Furthermore, it is important to know if and when your Italian ancestor naturalized (acquired the citizenship of the country he/she emigrated to). In fact, if your Italian ancestor naturalized before June 14, 1912, or before the birth of his/her child, he/she would not have been able to pass citizenship on to his/her child.

You also have to consider that if any other relative down the bloodline ever formally renounced their Italian citizenship (we know you might not have this information at the moment), you will not be eligible for Italian citizenship because the passage of the Italian citizenship would have been interrupted.

So, as you can see, there are many laws, judgments, exceptions that you must take into consideration when applying for Italian citizenship.

Therefore, an Italian attorney specialized in Italian citizenship applications can assess your case and let you know if you are eligible for Italian citizenship, and also if you can apply through your local Italian Consulate, if you will have to come to Italy to apply at a muncipality, or if you will have to petition the court (“pre-1948 cases”) to ask an Italian judge to recognize your Italian citizenship instead of the Consulate.

In order to find out if you qualify for Italian citizenship by descent, we need to know your family history. Therefore, please fill out the following ITALIAN CITIZENSHIP FORM with the information you have regarding your family members, and an expert Italian attorney will let you know if you have any chances of becoming an Italian citizen. It is free of charge and of any obligation.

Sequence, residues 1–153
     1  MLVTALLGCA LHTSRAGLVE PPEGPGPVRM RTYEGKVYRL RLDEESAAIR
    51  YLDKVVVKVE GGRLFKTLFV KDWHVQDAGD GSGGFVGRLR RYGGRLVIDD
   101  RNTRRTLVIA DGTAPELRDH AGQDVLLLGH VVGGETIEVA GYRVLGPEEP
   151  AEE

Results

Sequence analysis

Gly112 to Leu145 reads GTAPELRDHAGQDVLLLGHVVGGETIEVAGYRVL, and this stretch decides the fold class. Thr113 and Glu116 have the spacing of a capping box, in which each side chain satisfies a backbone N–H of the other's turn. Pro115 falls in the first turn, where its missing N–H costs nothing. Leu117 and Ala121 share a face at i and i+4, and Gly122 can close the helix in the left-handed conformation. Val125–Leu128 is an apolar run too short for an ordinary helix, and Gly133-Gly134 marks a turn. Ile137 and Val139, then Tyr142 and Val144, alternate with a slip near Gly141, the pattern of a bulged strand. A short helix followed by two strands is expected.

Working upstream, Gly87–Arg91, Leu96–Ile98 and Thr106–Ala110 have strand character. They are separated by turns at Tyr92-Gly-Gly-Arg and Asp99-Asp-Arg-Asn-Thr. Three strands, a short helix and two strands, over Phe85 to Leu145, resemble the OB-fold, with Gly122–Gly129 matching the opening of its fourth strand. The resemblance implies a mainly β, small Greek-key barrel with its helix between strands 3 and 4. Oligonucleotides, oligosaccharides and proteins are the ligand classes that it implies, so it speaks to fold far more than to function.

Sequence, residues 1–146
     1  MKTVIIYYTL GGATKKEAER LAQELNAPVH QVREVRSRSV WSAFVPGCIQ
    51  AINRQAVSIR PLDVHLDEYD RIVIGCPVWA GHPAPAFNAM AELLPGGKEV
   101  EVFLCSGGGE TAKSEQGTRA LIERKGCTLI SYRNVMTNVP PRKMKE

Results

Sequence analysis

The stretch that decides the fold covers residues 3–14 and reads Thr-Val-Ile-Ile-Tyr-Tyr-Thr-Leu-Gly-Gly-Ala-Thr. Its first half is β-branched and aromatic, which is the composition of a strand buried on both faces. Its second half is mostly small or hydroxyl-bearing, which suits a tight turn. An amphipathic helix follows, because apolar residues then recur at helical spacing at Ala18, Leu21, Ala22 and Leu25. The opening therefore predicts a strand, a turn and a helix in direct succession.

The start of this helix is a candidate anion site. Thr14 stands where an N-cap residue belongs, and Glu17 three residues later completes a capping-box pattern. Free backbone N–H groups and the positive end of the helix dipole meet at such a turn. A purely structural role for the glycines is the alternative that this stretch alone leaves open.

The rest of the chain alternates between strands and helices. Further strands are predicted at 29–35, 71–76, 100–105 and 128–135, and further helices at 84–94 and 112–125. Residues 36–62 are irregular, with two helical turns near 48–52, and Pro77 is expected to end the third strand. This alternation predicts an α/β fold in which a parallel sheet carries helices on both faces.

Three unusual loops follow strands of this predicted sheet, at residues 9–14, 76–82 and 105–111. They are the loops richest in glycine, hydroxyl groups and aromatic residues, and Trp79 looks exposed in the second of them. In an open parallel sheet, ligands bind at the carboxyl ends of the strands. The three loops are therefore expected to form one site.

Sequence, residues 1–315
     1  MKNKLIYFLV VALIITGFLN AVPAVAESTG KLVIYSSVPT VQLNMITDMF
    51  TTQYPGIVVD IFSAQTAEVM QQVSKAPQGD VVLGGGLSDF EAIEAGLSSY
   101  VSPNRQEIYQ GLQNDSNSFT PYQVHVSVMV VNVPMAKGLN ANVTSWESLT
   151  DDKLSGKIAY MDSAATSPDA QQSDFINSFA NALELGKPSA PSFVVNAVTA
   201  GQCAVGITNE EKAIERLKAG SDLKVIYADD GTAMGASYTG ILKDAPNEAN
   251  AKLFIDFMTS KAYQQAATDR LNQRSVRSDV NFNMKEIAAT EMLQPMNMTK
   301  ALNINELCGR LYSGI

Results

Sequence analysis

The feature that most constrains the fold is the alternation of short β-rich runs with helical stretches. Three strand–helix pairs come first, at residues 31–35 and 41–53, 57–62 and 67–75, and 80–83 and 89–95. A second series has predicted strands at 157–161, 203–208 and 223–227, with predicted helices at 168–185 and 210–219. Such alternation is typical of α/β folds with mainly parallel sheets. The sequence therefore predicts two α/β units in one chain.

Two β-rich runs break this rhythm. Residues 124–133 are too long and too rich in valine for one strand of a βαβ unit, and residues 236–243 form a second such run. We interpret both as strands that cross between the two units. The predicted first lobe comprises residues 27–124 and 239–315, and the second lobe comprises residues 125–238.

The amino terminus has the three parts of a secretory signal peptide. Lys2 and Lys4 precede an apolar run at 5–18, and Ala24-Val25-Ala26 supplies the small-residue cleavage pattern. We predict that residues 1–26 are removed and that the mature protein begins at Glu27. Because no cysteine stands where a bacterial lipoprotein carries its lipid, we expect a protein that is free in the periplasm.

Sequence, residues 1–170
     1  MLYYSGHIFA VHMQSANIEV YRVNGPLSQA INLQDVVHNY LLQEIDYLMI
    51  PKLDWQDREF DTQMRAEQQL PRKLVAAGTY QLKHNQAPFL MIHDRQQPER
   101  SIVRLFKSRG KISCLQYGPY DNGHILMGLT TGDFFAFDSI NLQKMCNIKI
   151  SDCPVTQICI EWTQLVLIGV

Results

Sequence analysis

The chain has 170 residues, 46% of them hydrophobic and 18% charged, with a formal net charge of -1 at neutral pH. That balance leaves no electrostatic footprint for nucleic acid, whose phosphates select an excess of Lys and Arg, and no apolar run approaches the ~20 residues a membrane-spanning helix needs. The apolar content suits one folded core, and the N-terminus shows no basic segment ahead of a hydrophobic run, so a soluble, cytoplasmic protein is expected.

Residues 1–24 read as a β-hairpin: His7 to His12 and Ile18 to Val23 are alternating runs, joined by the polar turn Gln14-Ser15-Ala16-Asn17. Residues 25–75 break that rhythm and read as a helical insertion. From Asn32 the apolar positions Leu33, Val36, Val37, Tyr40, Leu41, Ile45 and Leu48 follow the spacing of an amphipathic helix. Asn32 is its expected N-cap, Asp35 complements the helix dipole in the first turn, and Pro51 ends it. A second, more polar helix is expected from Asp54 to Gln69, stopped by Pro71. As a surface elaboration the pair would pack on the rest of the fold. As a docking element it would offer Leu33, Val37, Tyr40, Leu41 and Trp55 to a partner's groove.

For this first assessment you should know at least the names and birth (possibly marriage and death) dates of your relatives from your Italian ancestor who emigrated to your country all the way down to you (if you do not have all the exact dates, approximate dates for now should be fine) and your children, if you have any.

If you require any further information, please send an email to [email protected]

n. 1 According to the old 1912 Italian Citizenship law only Italian menย were able to transfer Italian citizenship to their children (even if born abroad), while Italian women (both born in Italy or abroad) were not able to transfer Italian Citizenship to their children. It was only from 1948 – the date the Italian Constitution entered into force – that Italian women were able to transmit Italian citizenship to their children, but only if born after Januaryย 1, 1948. Therefore, if your Italian-born ancestor was a female or you have a female ascendant in the line, whose child was born before 1948, Italian consulates and municipalities will deny your citizenship application. The same will happen if your Italian female ascendant married a non-Italian man before 1948, because she would have lost her Italian citizenship due to the marriage, according to the abovementioned law. In these particular cases, in order to claim Italian citizenship, the interested person must petition the Court of Rome.

  1. Is a DNA chart from the 23 and Me website acceptable proof to ties to my Italian grandmother and grandfather to help gain citizenship?I think I must also get their birth certificates as well from their local church in the villages they came from.